When the glitzy Casino Windsor first opened, Paula plunked $100 into a slot machine. Within months she was lying to her husband, sneaking from the house and losing thousands.
``I would say I was going grocery shopping, but I would go to the casino all day. It was a euphoria I could not get anywhere else. I loved the sounds of a slot machine, the lights were like stars. I would go into a daydream.''
She lost $30,000. So Paula asked casino security to ban her.
An ongoing study by University of Windsor researchers suggests she isn't alone. ``Women may be closing the gap in their level of gambling problems previously dominated by men,'' says psychologist Ron Frish.
His group is the first in Canada to compare gambling levels before and after a casino came to town. A survey of more than 3,000 Windsor residents found no significant changes in the level of pathological gambling among men. But more women are getting hooked.
Before the casino opened, between 0.3 and 1.3 per cent of women surveyed were categorized as problem gamblers. A year later, the numbers had almost doubled to between 0.8 and 2 per cent.
The range in percentages accounts for a margin of error and Frish stresses the statistics only indicate a trend. But it's a trend noted by addiction counsellors across Canada, except British Columbia, the only province without casinos or video lottery terminals.
Ontario, Quebec, Manitoba, Saskatchewan and Nova Scotia all run casinos. Video terminals, already available in the Prairies and Atlantic provinces, are to be introduced in Ontario, Finance Minister Ernie Eves announced in his budget last week.
Like many others, Susan Olynik of Manitoba Lotteries points to the good that comes from gambling profits. ``The money funds health research, rural development, cultural programs, training initiatives.''
But critics wonder if governments have become so addicted to the cash they're blind to the social problems.
``It's a contradiction in the government's role,'' says Gary Smith, who has researched gambling for more than a decade at the University of Alberta. ``They're supposed to protect, but governments are introducing something that is dangerous to some people.''
Smith is especially critical of video lottery terminals, ``the crack cocaine of gambling.'' The machines are highly addictive because they give credit - not coins - for money won and operate at high speed.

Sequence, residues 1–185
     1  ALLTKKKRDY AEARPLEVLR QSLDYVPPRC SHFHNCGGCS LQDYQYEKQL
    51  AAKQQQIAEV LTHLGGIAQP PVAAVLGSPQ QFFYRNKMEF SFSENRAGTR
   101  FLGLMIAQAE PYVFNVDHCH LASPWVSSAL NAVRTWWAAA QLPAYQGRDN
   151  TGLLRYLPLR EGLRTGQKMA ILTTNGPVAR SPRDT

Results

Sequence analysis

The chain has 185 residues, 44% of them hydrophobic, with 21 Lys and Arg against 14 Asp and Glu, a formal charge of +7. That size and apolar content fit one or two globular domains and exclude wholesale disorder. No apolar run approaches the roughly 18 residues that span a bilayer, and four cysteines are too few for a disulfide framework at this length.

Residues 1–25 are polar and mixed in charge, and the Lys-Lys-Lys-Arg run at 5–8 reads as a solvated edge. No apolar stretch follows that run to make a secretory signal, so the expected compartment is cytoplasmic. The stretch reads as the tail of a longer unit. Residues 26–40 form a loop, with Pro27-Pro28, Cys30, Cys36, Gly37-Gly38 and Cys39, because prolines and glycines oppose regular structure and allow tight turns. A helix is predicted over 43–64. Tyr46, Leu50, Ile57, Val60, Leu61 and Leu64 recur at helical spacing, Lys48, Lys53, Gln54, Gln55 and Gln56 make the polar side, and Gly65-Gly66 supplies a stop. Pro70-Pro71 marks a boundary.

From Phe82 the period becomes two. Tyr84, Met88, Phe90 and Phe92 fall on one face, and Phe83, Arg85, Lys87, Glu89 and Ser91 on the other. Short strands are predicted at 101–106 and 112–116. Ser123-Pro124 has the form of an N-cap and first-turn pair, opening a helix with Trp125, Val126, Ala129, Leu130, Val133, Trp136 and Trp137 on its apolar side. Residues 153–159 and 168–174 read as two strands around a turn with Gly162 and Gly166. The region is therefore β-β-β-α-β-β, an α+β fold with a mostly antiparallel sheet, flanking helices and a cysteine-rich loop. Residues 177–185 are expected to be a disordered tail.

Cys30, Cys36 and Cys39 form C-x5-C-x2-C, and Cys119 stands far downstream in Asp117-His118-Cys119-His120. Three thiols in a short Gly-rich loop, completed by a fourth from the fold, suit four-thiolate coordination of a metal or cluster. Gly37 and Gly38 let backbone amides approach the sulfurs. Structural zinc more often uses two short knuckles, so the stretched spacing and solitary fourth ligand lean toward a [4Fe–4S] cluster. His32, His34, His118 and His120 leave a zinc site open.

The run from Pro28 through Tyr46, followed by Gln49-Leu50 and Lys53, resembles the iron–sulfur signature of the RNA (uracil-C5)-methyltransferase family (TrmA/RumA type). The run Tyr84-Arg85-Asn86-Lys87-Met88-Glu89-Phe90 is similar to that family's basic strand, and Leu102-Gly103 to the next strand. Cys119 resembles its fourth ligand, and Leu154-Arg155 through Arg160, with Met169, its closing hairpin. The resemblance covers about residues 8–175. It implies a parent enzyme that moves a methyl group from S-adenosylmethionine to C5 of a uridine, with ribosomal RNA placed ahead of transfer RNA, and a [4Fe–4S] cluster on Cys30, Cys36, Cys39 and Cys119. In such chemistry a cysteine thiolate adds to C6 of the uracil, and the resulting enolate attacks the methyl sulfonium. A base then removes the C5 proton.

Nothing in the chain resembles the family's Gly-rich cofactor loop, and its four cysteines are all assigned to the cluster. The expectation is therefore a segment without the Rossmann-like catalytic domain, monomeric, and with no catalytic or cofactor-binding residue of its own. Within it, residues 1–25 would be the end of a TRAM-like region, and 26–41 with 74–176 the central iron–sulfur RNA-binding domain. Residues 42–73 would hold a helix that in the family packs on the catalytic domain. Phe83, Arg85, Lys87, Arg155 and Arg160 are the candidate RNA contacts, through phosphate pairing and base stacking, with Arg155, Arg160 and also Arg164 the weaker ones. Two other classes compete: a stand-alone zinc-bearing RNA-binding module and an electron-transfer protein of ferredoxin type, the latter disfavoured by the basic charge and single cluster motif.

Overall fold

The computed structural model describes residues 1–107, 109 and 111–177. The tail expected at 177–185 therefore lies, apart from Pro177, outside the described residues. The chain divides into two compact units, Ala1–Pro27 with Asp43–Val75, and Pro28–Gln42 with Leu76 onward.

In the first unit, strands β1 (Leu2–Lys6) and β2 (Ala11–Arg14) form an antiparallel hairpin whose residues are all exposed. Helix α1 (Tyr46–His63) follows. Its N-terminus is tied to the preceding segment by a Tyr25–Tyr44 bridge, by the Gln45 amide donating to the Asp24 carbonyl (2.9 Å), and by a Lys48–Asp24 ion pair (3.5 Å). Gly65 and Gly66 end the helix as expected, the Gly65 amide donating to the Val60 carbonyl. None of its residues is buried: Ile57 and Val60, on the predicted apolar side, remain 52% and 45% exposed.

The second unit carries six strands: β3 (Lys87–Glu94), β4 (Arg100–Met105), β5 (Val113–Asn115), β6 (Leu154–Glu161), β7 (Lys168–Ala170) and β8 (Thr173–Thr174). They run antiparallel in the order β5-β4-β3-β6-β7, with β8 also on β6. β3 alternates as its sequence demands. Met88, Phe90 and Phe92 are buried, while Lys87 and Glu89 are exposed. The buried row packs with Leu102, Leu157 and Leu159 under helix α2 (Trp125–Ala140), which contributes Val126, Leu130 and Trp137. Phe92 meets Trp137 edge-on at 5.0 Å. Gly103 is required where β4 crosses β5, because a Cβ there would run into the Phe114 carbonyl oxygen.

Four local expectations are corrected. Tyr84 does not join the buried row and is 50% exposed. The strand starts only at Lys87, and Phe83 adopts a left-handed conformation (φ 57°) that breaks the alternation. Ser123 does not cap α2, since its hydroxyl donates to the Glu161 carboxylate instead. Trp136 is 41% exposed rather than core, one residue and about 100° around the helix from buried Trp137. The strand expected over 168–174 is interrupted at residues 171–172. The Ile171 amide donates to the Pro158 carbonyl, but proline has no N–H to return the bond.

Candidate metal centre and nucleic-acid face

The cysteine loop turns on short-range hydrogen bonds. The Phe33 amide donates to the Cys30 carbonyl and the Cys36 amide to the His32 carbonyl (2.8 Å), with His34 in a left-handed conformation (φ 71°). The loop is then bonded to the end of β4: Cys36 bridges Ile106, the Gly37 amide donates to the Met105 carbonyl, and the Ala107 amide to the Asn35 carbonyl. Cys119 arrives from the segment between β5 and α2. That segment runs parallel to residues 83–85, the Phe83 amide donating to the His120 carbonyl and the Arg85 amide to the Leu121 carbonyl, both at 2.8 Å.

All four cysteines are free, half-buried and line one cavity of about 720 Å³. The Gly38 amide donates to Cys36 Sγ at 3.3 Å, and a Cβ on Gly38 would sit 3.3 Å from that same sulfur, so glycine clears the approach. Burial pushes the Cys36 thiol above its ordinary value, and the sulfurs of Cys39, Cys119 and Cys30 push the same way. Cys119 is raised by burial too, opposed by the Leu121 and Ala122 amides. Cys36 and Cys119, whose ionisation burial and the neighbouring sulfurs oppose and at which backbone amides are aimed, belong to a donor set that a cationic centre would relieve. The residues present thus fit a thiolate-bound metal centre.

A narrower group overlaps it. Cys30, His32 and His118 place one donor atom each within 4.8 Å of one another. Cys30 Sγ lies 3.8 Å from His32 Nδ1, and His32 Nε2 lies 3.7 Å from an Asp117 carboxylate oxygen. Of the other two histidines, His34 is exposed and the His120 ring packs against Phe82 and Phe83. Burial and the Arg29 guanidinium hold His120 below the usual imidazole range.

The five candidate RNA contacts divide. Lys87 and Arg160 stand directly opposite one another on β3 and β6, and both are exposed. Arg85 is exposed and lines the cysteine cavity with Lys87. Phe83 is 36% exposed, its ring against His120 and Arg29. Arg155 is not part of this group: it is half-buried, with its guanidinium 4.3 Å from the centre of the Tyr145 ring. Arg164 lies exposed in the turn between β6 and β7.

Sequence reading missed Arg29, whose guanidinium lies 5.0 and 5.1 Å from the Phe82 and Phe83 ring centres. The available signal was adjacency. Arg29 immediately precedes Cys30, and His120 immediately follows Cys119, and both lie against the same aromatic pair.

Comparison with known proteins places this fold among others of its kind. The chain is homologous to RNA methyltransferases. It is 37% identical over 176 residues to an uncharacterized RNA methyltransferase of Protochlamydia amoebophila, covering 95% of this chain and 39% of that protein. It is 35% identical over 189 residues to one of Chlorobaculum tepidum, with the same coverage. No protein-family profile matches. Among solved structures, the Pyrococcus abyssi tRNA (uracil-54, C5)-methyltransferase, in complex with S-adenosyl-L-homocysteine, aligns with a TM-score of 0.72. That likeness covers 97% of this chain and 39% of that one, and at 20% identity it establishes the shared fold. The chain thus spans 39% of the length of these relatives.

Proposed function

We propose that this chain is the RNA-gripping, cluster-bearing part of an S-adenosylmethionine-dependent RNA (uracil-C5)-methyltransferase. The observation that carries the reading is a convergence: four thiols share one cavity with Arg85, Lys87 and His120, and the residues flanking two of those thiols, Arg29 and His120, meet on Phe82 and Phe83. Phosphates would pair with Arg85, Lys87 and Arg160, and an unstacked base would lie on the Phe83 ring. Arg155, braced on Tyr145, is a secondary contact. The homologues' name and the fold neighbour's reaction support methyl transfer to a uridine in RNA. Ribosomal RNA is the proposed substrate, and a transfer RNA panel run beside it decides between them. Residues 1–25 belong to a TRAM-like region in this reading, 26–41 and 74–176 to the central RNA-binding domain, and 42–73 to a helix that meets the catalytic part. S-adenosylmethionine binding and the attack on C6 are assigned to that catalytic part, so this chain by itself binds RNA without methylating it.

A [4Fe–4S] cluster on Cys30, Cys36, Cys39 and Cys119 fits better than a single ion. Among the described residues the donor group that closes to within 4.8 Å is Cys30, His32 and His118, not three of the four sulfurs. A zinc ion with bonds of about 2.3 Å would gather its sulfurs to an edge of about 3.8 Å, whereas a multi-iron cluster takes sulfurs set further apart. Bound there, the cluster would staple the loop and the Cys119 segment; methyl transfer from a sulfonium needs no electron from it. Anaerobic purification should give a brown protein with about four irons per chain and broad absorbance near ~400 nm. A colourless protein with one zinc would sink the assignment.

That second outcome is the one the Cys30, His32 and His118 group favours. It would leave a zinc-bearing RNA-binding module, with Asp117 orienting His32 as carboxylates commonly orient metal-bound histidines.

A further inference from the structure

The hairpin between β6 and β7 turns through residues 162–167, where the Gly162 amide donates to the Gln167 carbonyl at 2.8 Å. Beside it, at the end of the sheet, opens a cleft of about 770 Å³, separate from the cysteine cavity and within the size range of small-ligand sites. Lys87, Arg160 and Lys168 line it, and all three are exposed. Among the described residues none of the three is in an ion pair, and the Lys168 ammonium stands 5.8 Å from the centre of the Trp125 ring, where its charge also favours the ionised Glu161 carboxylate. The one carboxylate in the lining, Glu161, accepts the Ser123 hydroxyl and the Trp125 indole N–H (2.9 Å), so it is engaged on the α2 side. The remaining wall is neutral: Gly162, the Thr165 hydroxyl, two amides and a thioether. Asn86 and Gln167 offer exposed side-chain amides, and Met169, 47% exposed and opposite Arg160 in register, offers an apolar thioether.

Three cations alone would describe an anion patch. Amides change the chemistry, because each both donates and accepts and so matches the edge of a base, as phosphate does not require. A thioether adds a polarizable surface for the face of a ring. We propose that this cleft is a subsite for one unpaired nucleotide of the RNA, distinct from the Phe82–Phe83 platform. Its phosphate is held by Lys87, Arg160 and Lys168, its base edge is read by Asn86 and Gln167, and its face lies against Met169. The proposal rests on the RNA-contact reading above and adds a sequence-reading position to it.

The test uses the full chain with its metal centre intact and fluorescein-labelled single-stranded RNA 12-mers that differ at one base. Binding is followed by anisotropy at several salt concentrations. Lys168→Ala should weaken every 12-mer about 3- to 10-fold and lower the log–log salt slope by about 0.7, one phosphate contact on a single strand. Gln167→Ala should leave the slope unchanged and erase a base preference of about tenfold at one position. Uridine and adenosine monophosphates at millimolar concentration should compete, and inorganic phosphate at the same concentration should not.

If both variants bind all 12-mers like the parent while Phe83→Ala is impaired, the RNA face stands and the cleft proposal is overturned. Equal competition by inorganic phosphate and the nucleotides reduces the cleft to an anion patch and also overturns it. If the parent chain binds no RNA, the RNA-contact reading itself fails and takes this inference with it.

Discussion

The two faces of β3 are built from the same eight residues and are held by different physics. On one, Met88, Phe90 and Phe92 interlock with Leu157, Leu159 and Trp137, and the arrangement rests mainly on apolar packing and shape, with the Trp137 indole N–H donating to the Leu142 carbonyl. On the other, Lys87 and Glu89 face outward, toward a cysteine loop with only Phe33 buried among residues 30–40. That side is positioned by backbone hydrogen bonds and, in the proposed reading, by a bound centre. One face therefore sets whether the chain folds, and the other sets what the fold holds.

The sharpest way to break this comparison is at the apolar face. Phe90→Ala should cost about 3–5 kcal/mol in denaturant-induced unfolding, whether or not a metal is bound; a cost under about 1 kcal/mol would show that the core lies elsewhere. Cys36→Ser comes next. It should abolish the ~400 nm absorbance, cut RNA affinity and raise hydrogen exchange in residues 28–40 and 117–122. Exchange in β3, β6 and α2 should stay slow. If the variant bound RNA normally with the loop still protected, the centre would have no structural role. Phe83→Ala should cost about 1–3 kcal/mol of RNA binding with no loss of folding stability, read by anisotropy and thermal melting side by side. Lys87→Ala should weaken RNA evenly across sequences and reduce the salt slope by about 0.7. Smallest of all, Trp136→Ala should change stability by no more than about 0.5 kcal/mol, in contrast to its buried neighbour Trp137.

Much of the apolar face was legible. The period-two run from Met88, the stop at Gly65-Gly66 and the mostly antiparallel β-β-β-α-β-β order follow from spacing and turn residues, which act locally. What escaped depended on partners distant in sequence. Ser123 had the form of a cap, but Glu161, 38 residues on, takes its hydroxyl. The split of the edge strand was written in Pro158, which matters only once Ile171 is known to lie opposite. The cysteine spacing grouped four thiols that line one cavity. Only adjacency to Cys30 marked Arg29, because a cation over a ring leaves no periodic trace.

The first day Mandy plunked loonies into one of Alberta's 5,700 terminals she won $500. In three years, she went from betting $60 to $600 a day.
``I kept saying, `This will be my last day.' I would pray at night: `God let me stay away from those machines.' But they were everywhere.''
Neither woman fits the stereotype of a gambling addict. Paula was a bank manager; Mandy is a mother and computer specialist. Both turned to gambling as a result of other problems - marriage troubles, financial stress.
``Men seem to do it for excitement,'' says Frish. ``Women do it for escape.''
Boris wears adult diapers, but incontinence isn't his problem - it's slot machines. His gambling addiction is so severe he won't risk losing the seat at his favorite poker machine at Casino Windsor, not even for the demands of his bladder. Boris, not his real name, hit rock bottom m many years ago when he lost everything, says Harvey Simon, a former gambling addict who hascounselled Boris and other compulsive gamblers for years.
After a couple of years putting his life back together, he made an unfortunate return to the slot machines.
Boris's dependence on Depends is just one of many twisted practices that occurs at gambling venues across the country, anti- gambling groups say.
"I've heard all kinds of horror stories," said Carol Mernick of the Canadian Foundation on Compulsive Gambling.
"But gambling addicts are totally unaware that this type of behavior is unreasonable. It is such a devastating illness."
Intelligent and otherwise logical people will abandon reason when they are in the grip of compulsive gambling, she said.
"The worst thing in the world would be for them to give up their machine for five minutes and while they're gone, someone else sits at it and hits the jackpot.
"So in the morning they take a Thermos of coffee and a little lunch, strap on the Depends and when they gotta go, they go."
Many children, banned from entering gaming venues, get locked inside cars while their parents gamble.
Nick Rupcich, regional director for the anti-gambling foundation's Windsor branch, said management is generally reluctant to speak about their problems.
Last month, a health and safety study from the Canadian Auto Workers representing Windsor casino employees, and the Winnipeg government employees union, detailed a list of difficulties casino workers currently endure.
Shirley Eagan, head of the CAW's health and safety committee, said:
"I've heard about the diapers, but people also urinate right on the seat, and some - I assume it's men - urinate into the coin bucket."